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No ‘safe zone’ for transgenders on Pune campuses, still

One of the only two transgenders studying in the city, Sarang Punekar, shares her experience

pune Updated: Aug 31, 2018 14:37 IST
Ananya Barua
Ananya Barua
Hindustan Times, Pune
Pune,safe zone,transgenders
Sarang Punekar, the transgender student of SPPU, says the women’s studies department has an inclusive environment. Here, she is seen outside the main building on Thursday. (Sanket Wankhade/ HT PHOTO )

For 24-year-old post graduate student of Savitribai Phule Pune University, going alone to the college canteen, is often an unpleasant experience.

“If I am sitting at a table all by myself, no one comes to sit beside me, even if all the other tables are full and people don’t have space to sit. No one except my friends from the department,” said Sarang Punekar,one of the very few transgender students, who is doing a postgraduate course in Gender studies atSavitribai Phule Pune University (SPPU).

One of the only two transgenders undertaking courses in the city institutions, Sarang’s journey to her masters, was not easy.

Sarang graduated from Shri Shahu Mandir Mahavidyalaya, Sahakarnagar with a bachelors of business administration (BBA) finance degree.

She shared several painful instances of being ridiculed and ostracized for who she was.

“At that time, I had not undergone the physical transformation and the third gender was still not being recognised. So I enrolled as a male. However, I was often the centre of ridicule. Those years were difficult, but I sailed through as I was good at academics. Later in 2015, I underwent a surgery,” said Sarang.The lack of empathy and awareness among people, pushed Sarang to delve into gender studies.“The women’s studies department at the university is a completely different zone. A safe zone. While the environment here is very inclusive and non-judgmental, I can’t say the same about the rest of the campus. Anywhere I go, the penetrating stare follows.”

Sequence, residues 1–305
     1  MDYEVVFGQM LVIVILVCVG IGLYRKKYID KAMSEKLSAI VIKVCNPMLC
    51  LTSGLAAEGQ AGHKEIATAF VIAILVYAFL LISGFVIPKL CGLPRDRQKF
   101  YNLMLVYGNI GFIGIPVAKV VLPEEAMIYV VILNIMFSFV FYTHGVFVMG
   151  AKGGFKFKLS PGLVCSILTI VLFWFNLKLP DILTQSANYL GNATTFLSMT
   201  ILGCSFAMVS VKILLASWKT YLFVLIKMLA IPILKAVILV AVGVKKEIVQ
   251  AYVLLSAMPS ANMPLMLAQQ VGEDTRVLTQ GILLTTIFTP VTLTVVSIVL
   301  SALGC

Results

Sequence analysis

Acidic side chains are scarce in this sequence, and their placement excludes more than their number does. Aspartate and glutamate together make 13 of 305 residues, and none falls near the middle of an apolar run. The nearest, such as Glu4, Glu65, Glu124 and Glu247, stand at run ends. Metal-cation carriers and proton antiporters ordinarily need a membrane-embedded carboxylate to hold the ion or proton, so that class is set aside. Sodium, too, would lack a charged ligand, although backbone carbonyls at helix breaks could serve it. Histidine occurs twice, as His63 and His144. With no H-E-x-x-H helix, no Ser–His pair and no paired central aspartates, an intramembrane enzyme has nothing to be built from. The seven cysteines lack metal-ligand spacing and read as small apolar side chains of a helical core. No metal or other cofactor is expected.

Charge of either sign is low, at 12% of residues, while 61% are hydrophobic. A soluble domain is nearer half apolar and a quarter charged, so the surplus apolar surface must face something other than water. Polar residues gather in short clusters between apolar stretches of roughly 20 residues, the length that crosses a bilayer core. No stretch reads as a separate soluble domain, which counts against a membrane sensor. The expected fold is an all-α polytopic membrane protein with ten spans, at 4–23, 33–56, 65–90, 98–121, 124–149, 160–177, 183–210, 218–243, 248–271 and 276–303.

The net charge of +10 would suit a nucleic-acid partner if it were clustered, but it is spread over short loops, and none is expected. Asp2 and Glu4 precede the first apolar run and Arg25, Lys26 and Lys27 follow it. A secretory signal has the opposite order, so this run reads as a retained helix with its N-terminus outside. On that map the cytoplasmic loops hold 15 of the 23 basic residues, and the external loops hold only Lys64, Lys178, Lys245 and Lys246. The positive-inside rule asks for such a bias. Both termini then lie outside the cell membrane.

Many experts in the field of gender studies said that authorities from institutions were not doing enough to create an inclusive atmosphere, often making the progressive provisions like having the third gender box on application forms for college admissions, ineffective.

Disha Shaikh, transgender activist and poet, said,“Change cannot happen in a day but the colleges need to step up and organise awareness programmes and delve more into gender issues, not just for the arts departments but for all. It is a social reality which every person should be aware of , especially in an education organisation. Most colleges have the third gender box, don’t really have gender neutral toilets for transgenders. Sensitivity needs to trickle down from the top rungs of the organisations,”

According to Bindumadhav Khire, LGBTQ activist, due to lack of awareness, not just transgenders, but any individual not conforming to the gender identities set by the society, are stigmatised. Khire has been organising the Pune pride and several other events for LGBTQ individuals to socialise and interact about their issues.“Institutes need to have special counselling cells where the counsellors are aware about gender. These students otherwise don’t feel safe to discuss about their issues.”

Addressing these issues, all campuses of Shreemati Nathibai Damodar Thackersey (SNDT) Women's University, in Pune and Mumbai will be now admitting transwomen candidates for thedistance learning course. “More awareness programmes and other infrastructural changes like toilets for them, have been proposed by the university,” said Pune Campus head, Sachin Deore.

Queer Katta

A city which hosts the Pune queer pride parade every year, continues to hush talks around gender issues. And, in order to change that, Bindumadhav Khire , founder, Samapathik trust had introduced a monthly meeting of the LGBTQ community, since January 2018, at various public spots.

From canteens, cafes, to parks, each month, members of the community assemble for the informal meeting called, queer katta, to communicate and share their ideas, life experiences, stories with each other. The informal platform, for the past 8 months has been seeing students and professionals meet and greet, to talk about various issues, including their personal hurdles.

“Many of the people here are students, who either are out or need more help and courage to come out. This becomes their safe zone to seek expert help from the people of their own community and gives them a sense of belonging.However, we have never been able to organise such an event on college campuses, because many students are scared to be identified as LGBT in their campuses due to the overwhelming stigma still persisting in parts,” said Khire. A successful feat, which has a turnout of 10 to 15 people each month, will be continued for the next 6 months, he added.

First Published: Aug 31, 2018 14:37 IST